Techniques used by DPITunnel CLI

Hi, i was hoping someone could provide some insights on the techniques that DPITunnel uses, i have recognized the following methods currently by reading through the code/documentation (if there are other please do mention).

  1. Split the Client hello at SNI field
  2. Split and send the client hello in random order
  3. Use TCP window size to fragment server hello
  4. Send Fake client hello with a allowed SNI, but with a TTL not long enough reach the server

I understand the first method and the 4th one partially, if you could provide some comments as to why these methods exist and how they work i would be grateful.

My inquiry is out of pure curiosity.

DPI’s are designed for maximum bandwidth. Every extra computing is costly, it minimizes bandwidth.
DPI’s track TCP and UDP channels (src_ip:src_port - dst_ip:dst_port).
They maintain hashed tables similar to linux conntrack.
For every packet DPI must decide either to pass or drop it. Table lookup is fast. If it finds corresponding entry marked with “allowed” flag it immediately passes the packet and drops it if entry is marked with “denied” flag. Some DPIs use special network cards with FPGA to offload this task from the main CPU.
Otherwise it must process and analyze packet, possibly reassembling TCP stream. Its more resource costly.
To minimize resource usage DPI try to make a verdict as soon as possible and mark conntrack entry either with “allowed” or “denied” flag.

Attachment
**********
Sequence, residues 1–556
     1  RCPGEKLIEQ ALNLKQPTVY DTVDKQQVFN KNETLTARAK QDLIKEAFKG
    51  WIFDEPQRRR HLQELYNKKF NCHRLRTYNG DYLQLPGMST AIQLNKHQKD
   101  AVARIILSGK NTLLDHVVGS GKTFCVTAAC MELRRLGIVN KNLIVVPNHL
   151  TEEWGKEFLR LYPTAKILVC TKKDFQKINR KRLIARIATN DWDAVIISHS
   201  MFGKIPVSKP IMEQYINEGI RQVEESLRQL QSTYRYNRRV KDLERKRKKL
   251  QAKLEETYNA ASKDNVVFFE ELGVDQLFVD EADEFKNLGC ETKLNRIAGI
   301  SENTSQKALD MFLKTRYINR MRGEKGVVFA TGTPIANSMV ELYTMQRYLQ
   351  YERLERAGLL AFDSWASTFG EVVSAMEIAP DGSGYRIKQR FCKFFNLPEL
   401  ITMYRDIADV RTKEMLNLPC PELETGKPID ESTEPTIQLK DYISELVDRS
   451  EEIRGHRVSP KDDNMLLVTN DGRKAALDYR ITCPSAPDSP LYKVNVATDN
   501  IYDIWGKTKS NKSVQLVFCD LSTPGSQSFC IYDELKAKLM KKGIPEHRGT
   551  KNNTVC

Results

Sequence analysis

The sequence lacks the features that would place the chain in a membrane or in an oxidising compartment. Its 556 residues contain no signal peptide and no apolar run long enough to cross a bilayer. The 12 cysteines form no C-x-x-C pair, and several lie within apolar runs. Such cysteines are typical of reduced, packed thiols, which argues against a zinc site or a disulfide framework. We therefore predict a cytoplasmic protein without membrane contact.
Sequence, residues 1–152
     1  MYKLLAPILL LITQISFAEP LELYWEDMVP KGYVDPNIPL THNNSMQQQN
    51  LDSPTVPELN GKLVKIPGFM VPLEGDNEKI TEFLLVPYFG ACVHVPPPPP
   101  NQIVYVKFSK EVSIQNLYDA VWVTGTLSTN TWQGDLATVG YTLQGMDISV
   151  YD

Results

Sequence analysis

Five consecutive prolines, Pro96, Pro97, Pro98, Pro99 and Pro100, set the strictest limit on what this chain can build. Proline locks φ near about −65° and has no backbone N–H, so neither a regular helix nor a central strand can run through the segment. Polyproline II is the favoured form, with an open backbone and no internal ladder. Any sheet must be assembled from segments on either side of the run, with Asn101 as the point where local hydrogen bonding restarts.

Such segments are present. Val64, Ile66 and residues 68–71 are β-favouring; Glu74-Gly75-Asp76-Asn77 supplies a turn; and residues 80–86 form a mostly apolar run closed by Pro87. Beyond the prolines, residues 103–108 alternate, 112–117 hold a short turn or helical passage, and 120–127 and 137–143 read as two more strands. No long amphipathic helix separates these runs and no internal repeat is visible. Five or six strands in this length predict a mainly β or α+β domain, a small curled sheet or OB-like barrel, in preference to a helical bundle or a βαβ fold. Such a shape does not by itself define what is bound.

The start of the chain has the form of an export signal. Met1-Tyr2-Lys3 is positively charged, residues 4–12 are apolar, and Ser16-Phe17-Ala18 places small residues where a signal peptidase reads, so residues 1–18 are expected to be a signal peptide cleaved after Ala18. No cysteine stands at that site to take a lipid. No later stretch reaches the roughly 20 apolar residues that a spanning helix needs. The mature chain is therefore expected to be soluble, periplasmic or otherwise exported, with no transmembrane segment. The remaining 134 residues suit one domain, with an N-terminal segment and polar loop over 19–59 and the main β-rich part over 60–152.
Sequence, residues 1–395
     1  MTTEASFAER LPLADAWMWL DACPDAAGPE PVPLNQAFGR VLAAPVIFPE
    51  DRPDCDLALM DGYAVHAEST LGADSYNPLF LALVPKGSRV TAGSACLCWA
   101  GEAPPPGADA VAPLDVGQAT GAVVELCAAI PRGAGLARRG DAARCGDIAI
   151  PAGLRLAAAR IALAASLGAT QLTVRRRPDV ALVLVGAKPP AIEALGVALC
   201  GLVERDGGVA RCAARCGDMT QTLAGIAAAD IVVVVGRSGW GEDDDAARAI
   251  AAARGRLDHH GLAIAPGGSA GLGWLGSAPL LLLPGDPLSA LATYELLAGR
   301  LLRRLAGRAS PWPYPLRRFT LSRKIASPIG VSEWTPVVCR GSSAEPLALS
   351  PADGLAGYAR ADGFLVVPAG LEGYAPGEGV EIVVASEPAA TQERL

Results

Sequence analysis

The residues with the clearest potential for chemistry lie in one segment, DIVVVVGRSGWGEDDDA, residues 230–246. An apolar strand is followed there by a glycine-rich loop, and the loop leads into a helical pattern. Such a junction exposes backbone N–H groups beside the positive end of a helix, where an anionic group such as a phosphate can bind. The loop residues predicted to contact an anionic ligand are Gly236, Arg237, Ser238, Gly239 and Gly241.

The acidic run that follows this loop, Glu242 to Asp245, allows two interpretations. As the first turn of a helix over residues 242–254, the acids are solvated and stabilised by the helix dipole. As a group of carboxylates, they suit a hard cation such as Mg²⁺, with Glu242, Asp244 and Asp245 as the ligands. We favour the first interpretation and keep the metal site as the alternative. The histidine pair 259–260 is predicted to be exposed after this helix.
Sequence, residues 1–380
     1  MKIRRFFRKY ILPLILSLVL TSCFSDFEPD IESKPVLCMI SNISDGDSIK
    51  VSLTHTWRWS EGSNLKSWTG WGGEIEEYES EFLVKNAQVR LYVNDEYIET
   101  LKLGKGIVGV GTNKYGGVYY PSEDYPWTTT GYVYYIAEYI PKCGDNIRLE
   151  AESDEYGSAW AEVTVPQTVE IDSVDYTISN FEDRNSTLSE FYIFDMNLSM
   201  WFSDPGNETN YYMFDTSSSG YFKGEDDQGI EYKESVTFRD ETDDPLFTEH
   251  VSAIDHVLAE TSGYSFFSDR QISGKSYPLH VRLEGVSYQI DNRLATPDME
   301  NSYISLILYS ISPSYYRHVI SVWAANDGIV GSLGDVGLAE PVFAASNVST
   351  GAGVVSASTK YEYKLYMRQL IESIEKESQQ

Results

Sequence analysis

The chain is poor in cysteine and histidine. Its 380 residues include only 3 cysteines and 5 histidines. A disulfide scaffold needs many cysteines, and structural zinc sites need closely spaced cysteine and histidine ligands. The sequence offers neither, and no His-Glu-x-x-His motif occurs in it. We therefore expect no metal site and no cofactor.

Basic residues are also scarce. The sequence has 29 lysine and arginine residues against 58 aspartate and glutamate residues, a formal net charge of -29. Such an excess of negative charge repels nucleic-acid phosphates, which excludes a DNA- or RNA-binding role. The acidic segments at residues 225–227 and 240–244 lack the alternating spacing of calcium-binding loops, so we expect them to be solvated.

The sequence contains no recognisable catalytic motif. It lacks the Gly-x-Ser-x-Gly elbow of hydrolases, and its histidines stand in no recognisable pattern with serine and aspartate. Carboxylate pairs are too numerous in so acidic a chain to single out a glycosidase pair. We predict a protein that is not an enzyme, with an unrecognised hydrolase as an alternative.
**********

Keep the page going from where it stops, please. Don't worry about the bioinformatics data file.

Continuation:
That’s why fake can work. DPI sees good data and allows TCP connection. Further packets are not analyzed becase connection is already marked.

Simple splitting works only against DPIs that cannot reassemble TCP streams. Sometimes its possible to mix split parts of real TCP data with fakes and break DPI’s reassembler. Another method is sending split parts in reverse order.

thanks for the reply, so out of order delivery is to confuse DPI’s

im interested in knowing one more thing why are server hellos are being fragment?

Because some DPIs also analyze certificate common name in ServerHello to extract hostname.
Not much can be done to modify server responses without help from the server. Windows size looks like the only possible method

thank you very much, that makes sense now

Can TCP MSS be used to induce fragmentation on server side as well ?

Technically it should work but according to standard MSS tcp option should be sent only in SYN packet. So its permanent for a TCP connection. There’s no way to return to normal MSS and restore performance.
However I haven’t tried myself how different operating systems handle MSS change in subsequent packets.